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Friday Cephalopod: No, you’re not safe anywhere

It’s a big image, so it’s going below the fold.

octopus-moving-dry-land

(via)

Comments

  1. rq says

    I see more than a mere glint of Evil Purpose in that eye. That is one determined world dominator on the move.

  2. octopod says

    I just involuntarily said “Yay!” under my breath.

    I wonder how long it can stay out?

  3. Gregory Greenwood says

    So, the invasion has started – Cthulhu’s footsoldiers have already begun the overthrow of the feeble governments of the weak apes of the surface world!

    I for one welcome our new betentacled overlords…

  4. Trebuchet says

    Rather than clicking the “via” link, go to the original, longer, and better YouTube version here:

    http://www.youtube.com/watch?v=Lom5kM4ytaI

    The “via” link came complete with an ad for a “sugar daddy” website. I’m expecting one of those in a popup on FTB any day now, the way things are going.

  5. evodevo says

    A marine biologist friend of mine once told me about an incident at a tidal pool in Mexico where he somehow pissed off a small octopus, and it came out of the water after him, up the beach, reaallllly angry. And, I guess keeping them in tanks in the lab is difficult, too.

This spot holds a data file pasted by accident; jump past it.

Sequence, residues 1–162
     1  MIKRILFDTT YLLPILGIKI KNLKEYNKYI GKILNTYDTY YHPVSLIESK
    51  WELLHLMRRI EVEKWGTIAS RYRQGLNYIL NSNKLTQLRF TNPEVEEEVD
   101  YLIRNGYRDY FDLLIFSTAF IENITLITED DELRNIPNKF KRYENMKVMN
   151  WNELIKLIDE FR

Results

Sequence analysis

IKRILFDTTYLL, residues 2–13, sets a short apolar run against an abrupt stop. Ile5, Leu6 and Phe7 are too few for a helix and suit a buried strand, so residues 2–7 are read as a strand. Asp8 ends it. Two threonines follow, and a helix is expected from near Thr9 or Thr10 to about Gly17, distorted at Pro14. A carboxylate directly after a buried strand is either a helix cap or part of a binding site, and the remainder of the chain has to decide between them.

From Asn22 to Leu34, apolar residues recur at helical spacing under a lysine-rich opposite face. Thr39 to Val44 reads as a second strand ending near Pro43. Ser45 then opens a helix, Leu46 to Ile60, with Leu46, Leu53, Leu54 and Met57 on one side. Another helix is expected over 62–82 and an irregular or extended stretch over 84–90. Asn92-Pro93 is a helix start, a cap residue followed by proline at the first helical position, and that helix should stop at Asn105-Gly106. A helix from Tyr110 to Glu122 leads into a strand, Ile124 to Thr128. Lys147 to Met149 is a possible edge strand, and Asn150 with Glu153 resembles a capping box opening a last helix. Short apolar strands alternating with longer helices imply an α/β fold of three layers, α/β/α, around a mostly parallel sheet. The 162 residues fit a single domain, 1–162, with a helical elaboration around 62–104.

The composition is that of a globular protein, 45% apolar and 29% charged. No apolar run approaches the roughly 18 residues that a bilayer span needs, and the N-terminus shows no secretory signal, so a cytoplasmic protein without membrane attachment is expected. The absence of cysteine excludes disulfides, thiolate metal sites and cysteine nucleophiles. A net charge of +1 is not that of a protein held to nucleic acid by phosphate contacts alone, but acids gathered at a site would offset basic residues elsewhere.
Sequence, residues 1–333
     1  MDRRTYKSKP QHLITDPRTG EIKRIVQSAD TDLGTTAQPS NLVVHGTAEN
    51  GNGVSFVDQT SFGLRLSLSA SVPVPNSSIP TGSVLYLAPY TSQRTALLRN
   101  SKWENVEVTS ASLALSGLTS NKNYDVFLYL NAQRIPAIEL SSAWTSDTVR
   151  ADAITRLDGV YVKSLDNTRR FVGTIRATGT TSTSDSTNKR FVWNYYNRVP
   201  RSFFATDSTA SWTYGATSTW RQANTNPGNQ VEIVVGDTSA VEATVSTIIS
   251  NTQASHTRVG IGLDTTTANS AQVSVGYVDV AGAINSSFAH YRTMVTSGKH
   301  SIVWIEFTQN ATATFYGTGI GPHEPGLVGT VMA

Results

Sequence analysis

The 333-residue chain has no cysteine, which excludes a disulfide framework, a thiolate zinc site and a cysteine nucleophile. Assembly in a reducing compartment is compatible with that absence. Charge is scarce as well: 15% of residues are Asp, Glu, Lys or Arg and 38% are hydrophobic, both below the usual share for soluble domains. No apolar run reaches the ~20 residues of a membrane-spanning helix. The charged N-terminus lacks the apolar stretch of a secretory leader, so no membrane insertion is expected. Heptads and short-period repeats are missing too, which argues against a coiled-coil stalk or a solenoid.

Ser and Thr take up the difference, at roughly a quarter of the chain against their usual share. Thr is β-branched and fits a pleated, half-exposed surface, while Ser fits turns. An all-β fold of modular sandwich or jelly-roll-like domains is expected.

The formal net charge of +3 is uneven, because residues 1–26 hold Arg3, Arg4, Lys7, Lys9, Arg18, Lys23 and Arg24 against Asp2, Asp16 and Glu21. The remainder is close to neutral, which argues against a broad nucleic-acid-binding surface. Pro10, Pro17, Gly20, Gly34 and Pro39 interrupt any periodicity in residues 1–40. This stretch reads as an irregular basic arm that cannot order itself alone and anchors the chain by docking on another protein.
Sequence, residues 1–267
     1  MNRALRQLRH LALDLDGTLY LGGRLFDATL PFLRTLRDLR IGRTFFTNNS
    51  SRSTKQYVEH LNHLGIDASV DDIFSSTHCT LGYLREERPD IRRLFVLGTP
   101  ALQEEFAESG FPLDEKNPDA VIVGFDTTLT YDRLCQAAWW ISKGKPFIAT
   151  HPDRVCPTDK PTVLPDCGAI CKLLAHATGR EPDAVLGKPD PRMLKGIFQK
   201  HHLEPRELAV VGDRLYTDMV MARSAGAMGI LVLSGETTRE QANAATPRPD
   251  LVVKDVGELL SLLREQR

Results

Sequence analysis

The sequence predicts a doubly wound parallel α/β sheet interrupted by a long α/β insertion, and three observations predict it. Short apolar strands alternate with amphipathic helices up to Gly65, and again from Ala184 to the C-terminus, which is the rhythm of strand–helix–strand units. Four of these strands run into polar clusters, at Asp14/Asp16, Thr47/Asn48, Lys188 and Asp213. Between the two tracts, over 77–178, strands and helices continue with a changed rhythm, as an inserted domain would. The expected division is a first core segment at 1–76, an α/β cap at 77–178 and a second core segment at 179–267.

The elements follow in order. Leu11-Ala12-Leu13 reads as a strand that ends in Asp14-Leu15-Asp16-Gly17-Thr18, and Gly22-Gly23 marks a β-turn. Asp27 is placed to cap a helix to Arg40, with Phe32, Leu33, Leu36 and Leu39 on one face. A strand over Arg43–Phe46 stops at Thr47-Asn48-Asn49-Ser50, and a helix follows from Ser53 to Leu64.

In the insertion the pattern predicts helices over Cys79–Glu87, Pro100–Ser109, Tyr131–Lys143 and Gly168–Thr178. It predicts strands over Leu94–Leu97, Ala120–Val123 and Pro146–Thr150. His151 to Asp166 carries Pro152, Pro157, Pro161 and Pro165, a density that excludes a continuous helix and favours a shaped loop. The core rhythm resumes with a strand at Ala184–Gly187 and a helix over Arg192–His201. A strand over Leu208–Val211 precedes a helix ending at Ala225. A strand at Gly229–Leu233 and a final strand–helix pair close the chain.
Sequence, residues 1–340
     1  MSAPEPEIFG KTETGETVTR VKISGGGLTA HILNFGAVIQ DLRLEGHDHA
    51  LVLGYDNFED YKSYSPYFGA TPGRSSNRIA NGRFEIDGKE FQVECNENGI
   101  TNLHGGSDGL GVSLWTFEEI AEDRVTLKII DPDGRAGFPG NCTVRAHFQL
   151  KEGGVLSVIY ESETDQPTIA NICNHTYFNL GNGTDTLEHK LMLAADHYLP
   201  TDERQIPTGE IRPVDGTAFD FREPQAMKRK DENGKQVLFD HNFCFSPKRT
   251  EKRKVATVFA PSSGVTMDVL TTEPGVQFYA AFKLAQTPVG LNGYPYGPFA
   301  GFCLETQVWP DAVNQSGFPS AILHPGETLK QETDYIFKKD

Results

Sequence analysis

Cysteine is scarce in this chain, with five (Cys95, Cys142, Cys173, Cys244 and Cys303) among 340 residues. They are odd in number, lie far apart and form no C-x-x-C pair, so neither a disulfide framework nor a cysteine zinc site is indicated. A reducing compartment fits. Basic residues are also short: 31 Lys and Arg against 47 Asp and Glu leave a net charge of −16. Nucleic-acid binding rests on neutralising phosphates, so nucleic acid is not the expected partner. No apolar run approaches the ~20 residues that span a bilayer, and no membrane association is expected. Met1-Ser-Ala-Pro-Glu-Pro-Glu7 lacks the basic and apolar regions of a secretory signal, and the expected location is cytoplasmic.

6. Olav says

    I knew octopuses could do this, still cool to see. Also, thank you for the Youtube link, Trebuchet.

    I am curious though: how long can it actually survive outside the water? Even if it manages to stay moist enough, I suppose it can’t readily breathe air. So isn’t the octopus taking a huge risk crawling from pool to pool? If it gets stuck somewhere in between, can it just wait for the tide to be set free or will it expire before that?

  7. Artor says

    From what I’ve read, they can operate out of water for at least half an hour, more if they can stay wet. I’m not sure how they breathe air though. PZ? Care to enlighten us, O Tentacular Overlord?

  8. John Horstman says

    @14: Yes, they are squishy, have strong grips and prehensile limbs, and are excellent at solving spatial and mechanical puzzles. Google “octopus escape” for lots of videos. Still not as cute as Nautilidae, though. :-)